Clean Cooking Essential to Meeting Poor People’s Energy Needs
The recently released Poor People’s Energy Outlook (PPEO) 2016 Report by Practical Action highlights the importance of meeting the full range of people’s energy needs, including cooking energy. With a staggering 3 billion people around the world cooking over open fires and traditional cookstoves, the report calls for a greater focus on household energy and prioritization of efforts to improve access to clean cooking solutions. These actions are essential to eradicating energy poverty and achieving the Global Goals.
The PPEO Report stresses the powerful benefits clean cooking can provide to multiple facets of an individual’s life:
Universalizing clean cooking would be cheaper than universalizing electricity access, radically free up time that could be dedicated to other important household and productive tasks, improve a variety of health metrics, including mortality, and play an important role in reducing environmental degradation… Cooking with dirty biomass kills millions of people, mostly women and children, and collecting and processing it drains millions of hours per year. Cleaning up cooking will free up not only time but billions of dollars in health care resources, save millions of hectares of forests, cost dramatically less than universalizing electricity, and massively reduce women’s burdens.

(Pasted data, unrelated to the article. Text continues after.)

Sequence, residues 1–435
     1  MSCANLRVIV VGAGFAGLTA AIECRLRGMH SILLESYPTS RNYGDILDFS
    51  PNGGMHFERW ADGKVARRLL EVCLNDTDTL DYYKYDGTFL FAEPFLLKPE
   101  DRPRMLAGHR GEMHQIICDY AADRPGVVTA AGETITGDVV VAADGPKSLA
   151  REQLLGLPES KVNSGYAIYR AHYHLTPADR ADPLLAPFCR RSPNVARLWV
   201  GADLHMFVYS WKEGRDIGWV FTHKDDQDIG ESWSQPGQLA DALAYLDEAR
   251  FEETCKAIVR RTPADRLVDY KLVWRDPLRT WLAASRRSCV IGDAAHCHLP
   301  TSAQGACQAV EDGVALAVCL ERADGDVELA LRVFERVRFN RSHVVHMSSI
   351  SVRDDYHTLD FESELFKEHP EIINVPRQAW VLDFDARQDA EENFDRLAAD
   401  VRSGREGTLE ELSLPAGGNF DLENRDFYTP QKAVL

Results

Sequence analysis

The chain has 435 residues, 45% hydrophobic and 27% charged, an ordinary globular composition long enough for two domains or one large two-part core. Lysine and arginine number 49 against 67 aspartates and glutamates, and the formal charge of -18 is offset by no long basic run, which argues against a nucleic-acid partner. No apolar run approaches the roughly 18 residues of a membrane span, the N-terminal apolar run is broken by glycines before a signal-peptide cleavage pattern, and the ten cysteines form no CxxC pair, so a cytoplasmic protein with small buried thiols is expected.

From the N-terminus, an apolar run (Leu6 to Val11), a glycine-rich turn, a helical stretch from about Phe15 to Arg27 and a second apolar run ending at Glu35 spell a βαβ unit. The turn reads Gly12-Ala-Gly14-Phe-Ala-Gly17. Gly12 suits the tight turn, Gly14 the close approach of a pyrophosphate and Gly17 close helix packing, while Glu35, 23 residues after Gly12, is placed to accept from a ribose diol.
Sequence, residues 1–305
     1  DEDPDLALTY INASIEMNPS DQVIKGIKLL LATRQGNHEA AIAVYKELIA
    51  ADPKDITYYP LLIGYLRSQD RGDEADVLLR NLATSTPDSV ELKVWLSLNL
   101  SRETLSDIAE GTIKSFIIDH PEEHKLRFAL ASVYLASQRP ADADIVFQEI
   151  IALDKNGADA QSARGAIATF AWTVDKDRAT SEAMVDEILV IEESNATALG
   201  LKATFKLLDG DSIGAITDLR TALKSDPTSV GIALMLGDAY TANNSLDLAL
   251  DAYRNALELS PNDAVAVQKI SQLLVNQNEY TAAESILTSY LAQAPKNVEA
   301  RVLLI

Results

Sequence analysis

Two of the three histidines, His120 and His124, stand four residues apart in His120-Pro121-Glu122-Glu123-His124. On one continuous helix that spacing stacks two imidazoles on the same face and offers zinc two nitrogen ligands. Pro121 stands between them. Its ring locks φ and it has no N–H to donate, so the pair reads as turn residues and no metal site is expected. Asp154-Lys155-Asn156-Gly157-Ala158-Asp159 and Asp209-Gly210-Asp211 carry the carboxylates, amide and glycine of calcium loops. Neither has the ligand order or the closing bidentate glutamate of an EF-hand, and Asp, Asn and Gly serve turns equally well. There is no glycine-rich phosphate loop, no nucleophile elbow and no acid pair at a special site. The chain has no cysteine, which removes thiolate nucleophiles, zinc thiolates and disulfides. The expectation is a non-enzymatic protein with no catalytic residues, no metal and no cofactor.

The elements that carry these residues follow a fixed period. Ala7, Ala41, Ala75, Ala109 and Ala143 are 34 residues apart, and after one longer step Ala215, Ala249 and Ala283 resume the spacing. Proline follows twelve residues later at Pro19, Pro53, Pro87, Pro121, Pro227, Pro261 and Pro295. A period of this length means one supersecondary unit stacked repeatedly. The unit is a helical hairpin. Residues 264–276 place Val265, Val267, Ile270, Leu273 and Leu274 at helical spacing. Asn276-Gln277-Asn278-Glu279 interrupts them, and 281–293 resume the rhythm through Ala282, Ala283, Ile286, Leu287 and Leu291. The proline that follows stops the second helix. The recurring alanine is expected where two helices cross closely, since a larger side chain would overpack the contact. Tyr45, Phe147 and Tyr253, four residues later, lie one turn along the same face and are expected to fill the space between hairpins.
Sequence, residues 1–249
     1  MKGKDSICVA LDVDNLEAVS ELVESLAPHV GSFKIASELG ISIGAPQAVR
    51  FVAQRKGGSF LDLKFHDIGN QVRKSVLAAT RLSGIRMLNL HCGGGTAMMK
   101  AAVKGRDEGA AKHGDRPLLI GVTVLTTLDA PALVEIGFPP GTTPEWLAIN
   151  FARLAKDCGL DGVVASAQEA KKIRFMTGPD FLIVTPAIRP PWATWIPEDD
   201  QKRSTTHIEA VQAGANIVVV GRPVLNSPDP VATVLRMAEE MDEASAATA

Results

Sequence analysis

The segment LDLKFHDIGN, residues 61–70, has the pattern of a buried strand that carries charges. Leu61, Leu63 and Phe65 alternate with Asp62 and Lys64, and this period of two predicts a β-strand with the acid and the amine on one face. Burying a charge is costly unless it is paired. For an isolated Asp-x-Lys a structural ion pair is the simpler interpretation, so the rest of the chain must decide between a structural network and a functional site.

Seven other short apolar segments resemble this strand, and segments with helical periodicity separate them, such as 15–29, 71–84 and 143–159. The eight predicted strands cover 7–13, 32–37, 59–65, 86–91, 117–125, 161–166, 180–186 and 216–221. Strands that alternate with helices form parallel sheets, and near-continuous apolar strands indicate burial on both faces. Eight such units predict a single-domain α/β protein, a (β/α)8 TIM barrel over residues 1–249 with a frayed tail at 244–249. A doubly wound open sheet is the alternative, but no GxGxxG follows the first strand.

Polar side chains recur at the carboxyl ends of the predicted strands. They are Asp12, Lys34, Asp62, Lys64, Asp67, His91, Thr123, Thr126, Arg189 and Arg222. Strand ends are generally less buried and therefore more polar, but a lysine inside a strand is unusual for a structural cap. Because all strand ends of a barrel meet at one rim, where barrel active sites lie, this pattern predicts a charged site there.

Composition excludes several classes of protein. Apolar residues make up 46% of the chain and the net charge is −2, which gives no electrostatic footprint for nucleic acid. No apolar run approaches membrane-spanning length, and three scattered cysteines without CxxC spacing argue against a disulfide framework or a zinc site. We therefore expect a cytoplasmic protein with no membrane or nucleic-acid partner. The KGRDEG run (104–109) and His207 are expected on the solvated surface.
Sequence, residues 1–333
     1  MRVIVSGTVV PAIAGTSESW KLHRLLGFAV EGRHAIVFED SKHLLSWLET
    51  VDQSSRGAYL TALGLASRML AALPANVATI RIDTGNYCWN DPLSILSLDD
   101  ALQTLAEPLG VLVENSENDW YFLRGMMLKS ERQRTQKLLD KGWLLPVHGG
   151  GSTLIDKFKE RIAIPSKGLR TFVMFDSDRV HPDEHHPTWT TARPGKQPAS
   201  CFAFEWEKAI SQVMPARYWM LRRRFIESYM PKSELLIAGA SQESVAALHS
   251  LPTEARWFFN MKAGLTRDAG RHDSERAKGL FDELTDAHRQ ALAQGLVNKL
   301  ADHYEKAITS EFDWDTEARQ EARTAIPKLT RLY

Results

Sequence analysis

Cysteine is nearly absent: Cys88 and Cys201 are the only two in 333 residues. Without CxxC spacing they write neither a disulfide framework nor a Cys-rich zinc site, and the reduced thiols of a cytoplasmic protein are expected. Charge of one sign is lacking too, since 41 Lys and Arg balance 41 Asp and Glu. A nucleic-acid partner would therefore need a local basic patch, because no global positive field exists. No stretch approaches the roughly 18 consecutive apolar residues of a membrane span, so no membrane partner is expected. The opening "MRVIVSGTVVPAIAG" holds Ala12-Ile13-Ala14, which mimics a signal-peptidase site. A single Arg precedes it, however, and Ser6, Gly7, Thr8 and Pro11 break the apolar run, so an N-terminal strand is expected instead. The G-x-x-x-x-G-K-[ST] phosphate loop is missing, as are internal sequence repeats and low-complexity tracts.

Policy and financing are failing to prioritize the needs of the billions of people that live in energy poverty, the report notes. Practical Action believes that in order to change this, “the voices of those who do not have electricity supplies or clean cooking need to be heard more in policy discussions.” As the report’s case studies show, these voices would call for more comprehensive energy planning that accounts for household energy needs, such as cooking.
Prioritizing clean cooking in policymaking would have widespread effects in reducing air pollution and enabling families to live healthier lives. By focusing on the energy needs that most significantly affect women, these actions would address the root causes of gender inequality and support women’s economic empowerment. The report concludes, “All countries need to focus greater attention on clean cooking, and consider it on a par with electricity access: it is cheaper to achieve and provides enormous benefits.”